Filed under: Football
With the completion of the draw for the quarter-final of the UEFA Champions League, it seems that once again the teams from the Premier League will feature heavily throughout the rest of the competition. Not since 2004 has a there been no representation from England in the Champions League final, and last year 3 of the last 4 clubs in the competition were from the Premier League. This year, since Chelsea and Liverpool will play each other, there will be at least one English side in the semi-finals, and I’d make Utd and Arsenal strong favourites to win their ties. So it could easily be that, once again, 3 out of 4 semi-finalists are English. Indeed, while the draw has been generally kind to English clubs, Sepp Blatter and Michel Platini might even be somewhat relieved that the draw ensures that there will be at least two leagues represented in the semi-final. Either way, the draw throws up some interesting issues.
Firstly, one can’t help but notice the fact that Liverpool will play Chelsea for the 5th year running. Brian Phillips at The Run Of Play sums up the absurdity of this quite nicely with the first paragraph of his response to the Champions League draw. For me, it is a symptom that perhaps something is not quite right. But, having said that, is this the first time that English clubs have totally dominated Europe’s top competition for a number of years? The answer of course, is no. Immediately before all English clubs were banned from European Competitions in 1985 following the Heysel disaster, they were dominating to an even greater extent. From 1977 to 1985, only twice did an English club not win the European Cup , and only once was there no English representation in the final. So does the current success of Premier League clubs merely indicate that we are returning to the natural order of things, one that was only interrupted by terrible tragedy? Certainly, whether or not English clubs will continue to dominate, for the time being I don’t think any Anglophobe could argue that things have never been worse.
Recently in an interview with the BBC, FIFA president Sepp Blatter attacked the number of foreign players currently playing in England, suggesting that a “lack of national identity” was damaging. He has also previously stated his view that the current success of English club football is damaging the game on a global scale. But does he have a point? I must admit I think perhaps he does. You could argue that good players should make it into the first teams of top Premier League clubs whether or not there are lots of good foreign players competing, provided they are good enough in the first place. Advocates of this school of thought will point to the FA, the development of young players, and poor management among other things as alternative explanations for the disparity between the success of England’s clubs and England’s national team. But if I were campaigning to improve the standard of the English national side (which I categorically am not), then I would be calling for a limit on the number of foreign players that a Premier League club could employ. So in this sense, I would cautiously support some of what Blatter is saying regarding the extent to which a lack of national identity can do “damage”. But is that anyone’s problem other than those who primarily support the English national team? I think not.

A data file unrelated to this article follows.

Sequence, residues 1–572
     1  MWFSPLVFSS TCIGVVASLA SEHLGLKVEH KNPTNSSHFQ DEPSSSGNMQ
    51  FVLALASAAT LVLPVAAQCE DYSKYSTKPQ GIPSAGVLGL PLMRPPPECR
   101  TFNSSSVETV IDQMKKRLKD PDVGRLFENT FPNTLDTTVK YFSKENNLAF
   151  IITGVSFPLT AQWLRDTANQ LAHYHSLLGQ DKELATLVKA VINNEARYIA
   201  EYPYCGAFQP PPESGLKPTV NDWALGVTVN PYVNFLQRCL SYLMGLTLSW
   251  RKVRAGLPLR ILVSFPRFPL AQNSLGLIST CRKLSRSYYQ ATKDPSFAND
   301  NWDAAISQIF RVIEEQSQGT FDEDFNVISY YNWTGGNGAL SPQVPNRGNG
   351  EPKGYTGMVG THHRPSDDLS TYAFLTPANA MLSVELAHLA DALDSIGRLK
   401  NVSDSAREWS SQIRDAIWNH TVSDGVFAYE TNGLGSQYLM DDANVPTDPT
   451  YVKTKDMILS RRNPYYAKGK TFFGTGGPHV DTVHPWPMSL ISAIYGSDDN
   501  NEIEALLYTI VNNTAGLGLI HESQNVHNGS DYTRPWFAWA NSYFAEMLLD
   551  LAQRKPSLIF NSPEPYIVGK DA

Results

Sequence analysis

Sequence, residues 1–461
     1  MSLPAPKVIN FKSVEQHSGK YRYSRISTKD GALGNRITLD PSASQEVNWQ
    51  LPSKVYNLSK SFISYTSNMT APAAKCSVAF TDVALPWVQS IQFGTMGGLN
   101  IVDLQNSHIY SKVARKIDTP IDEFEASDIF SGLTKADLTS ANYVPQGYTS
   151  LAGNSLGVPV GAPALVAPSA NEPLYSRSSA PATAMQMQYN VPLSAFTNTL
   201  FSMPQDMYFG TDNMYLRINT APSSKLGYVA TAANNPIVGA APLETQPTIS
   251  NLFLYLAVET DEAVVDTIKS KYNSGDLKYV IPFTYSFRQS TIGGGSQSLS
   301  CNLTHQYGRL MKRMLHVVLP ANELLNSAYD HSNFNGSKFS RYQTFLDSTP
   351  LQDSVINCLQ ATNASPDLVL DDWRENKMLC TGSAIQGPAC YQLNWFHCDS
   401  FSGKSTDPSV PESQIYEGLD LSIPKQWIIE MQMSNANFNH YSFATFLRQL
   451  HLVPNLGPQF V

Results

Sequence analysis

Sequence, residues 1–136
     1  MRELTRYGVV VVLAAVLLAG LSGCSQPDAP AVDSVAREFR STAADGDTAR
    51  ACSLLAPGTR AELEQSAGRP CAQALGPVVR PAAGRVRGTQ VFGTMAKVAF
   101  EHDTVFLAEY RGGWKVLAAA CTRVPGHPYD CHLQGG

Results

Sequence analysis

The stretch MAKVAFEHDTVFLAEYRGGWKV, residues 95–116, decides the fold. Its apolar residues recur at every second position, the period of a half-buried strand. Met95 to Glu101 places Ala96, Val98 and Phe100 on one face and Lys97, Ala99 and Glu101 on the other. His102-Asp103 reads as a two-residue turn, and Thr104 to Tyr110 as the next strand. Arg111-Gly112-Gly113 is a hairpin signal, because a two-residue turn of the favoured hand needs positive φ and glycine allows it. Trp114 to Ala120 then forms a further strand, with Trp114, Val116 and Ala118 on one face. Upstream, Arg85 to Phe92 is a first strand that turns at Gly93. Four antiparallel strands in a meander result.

The more important issue is whether or not the increasing success of the Premier League, in comparison with its counterparts from other nations such as Spain and Italy, is damaging world football. Certainly, if English clubs become totally dominant of European competition, then this would be damaging to the overall quality of the sport as an international spectacle. Sport needs to have variety and surprise in order to be exciting, and if the likes of Barcelona, Juventus and Bayern Munich are not capable of dishing out the occasional hammering to an English club, then we will all have lost something. But what is to be done? On occasion, the administrators of a sport are called upon to make a decision regarding a change in the rules that will improve the sport as a spectacle, take the back-pass rule for example.